Director: Robert Zemeckis
Cast: Brad Pitt, Marion Cotillard, Jared Harris, Lizzy Caplan, Matthew Goode, Simon McBurney, Marion Bailey, Josh Dylan, Anton Lesser
Runtime: 2 hrs 5 mins
Rating: M18 (Sexual Scenes)
Released By: UIP
Official Website: http://www.alliedmovie.com
Opening Day: 5 January 2017
Synopsis: In 1942, an intelligence officer in North Africa encounters a female French Resistance fighter on a deadly mission behind enemy lines. When they reunite in London, their relationship is tested by the pressures of war.
‘Allied’ begins in Casablanca, 1942, with Canadian Wing Commander Max Vatan (Brad Pitt) parachuting into Morocco to team up with French Resistance agent Marianne Beauséjour (Marion Cotillard) on an undercover mission to assassinate the German ambassador, one which requires that Max and Marianne pass off as a French businessman and his wife. The setting is more than just coincidence – by choosing the city which has also lent its name to one of the most well-known Hollywood wartime romances, Robert Zemeckis wants you to know right from the very beginning that his World War II romantic thriller is a throwback to earlier epics of love, betrayal and espionage. And as far as homage is concerned, ‘Allied’ is most certainly deft and effective, even though its allure is somewhat undermined by an all-too stoic performance by its leading man.
Indeed, ‘Allied’ requires us to buy into the passion between Max and Marianne, two professional agents who would, for the sake of each other, put aside their better judgment and succumb to love in the field. Their mission therefore is more than just a prologue; it is an entire first-act devoted to explaining how their imitation of love would lead to genuine love itself, so that we not only buy into Max’s dilemma in the subsequent act but also like Max and Marianne as a couple to feel as conflicted as he does in deciding whether to act out of love or loyalty to country. That the Casablanca-set setup is taut and convincing is as much credit to Zemeckis as it is to his writer Steven Knight; with assured poise, both establish a solid and suspenseful build-up of their central couple’s personal and professional stakes – the former culminating in a diverting sequence that sees Max and Marianne make passionate love inside their car in the midst of a raging sandstorm on the eve of their operation, and the latter unfolding as a tense game of deception (including a test of Max’s card skills by a Nazi officer) that eventually explodes into a bloody shootout.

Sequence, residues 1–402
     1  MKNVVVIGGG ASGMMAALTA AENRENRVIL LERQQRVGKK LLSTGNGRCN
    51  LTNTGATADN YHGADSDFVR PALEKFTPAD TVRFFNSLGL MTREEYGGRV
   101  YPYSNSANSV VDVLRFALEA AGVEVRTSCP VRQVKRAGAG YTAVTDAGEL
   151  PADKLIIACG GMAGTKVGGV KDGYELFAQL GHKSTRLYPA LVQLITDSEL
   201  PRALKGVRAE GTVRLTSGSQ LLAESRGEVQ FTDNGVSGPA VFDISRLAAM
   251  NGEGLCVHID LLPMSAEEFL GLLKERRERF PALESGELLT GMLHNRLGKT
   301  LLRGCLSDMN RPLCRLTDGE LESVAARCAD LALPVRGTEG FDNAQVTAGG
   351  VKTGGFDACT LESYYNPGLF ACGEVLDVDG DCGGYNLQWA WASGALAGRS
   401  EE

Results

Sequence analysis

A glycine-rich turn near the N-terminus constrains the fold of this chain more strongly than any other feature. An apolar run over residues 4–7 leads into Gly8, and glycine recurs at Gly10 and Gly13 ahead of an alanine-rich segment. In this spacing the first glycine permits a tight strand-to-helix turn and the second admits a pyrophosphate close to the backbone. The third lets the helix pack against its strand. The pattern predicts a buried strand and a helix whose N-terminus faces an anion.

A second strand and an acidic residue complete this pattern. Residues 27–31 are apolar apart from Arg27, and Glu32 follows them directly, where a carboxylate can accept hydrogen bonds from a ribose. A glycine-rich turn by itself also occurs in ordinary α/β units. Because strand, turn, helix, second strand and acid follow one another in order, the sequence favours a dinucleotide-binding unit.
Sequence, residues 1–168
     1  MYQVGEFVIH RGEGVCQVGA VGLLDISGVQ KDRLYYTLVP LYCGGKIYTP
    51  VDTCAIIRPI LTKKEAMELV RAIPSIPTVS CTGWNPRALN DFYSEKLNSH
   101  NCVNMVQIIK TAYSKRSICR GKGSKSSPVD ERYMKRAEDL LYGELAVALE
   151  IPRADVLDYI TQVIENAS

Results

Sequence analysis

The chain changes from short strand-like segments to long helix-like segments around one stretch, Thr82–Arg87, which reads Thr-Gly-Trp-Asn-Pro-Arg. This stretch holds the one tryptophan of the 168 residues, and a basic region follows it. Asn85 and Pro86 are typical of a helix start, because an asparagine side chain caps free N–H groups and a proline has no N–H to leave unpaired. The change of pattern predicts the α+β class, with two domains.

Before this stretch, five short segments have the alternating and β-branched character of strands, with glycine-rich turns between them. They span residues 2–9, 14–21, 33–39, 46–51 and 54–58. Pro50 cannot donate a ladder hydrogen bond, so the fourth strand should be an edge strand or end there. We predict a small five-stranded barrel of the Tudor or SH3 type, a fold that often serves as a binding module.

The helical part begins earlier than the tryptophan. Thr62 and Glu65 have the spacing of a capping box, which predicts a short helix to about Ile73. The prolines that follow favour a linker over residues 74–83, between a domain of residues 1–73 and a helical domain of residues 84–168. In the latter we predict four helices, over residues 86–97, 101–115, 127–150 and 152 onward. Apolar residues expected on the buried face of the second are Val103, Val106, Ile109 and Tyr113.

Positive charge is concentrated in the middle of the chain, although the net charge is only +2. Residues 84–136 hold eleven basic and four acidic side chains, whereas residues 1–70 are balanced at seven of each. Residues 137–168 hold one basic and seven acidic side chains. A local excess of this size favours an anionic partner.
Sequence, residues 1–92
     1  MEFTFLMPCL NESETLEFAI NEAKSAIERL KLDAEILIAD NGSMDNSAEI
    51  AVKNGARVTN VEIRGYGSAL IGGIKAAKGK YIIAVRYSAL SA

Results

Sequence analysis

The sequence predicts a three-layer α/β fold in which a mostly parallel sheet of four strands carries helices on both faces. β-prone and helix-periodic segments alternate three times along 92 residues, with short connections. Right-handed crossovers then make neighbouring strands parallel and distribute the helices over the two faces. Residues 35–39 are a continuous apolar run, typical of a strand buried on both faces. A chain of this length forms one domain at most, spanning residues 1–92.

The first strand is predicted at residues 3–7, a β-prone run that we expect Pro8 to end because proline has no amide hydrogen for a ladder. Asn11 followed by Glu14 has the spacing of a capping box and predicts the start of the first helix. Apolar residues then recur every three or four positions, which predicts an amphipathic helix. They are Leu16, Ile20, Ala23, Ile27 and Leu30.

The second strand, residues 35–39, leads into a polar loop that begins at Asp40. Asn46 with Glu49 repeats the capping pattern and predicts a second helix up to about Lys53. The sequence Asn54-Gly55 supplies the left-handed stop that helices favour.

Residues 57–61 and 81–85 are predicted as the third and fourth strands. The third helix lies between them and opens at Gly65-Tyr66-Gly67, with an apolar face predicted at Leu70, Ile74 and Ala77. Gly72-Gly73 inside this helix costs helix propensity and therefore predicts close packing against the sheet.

The change in location from the dusty dunes of the Moroccan desert to the tranquil upscale neighbourhood of London’s Hampstead right after mirrors as much the drastic shift in tone, which quickly but surely sets up the life of domesticity that Max and Marianne settle down to after their successfully completed mission – the birth of a daughter during a blitzkrieg, a desk-bound job for Max at the S.O.E., and a demobilised Marianne becoming the centre of an artsy Bohemian circle in their neighbourhood. That life of bliss is threatened by the sudden revelation from Max’s superiors (Jared Harris and Simon McBurney lending some excellent supporting work) that Marianne may be a German spy, who give Max 72 hours to carry out a series of instructions intended to verify their claims; if they are proven right, Max is given strict orders to execute her himself, as per the ‘standard operation procedure for intimate betrayal’.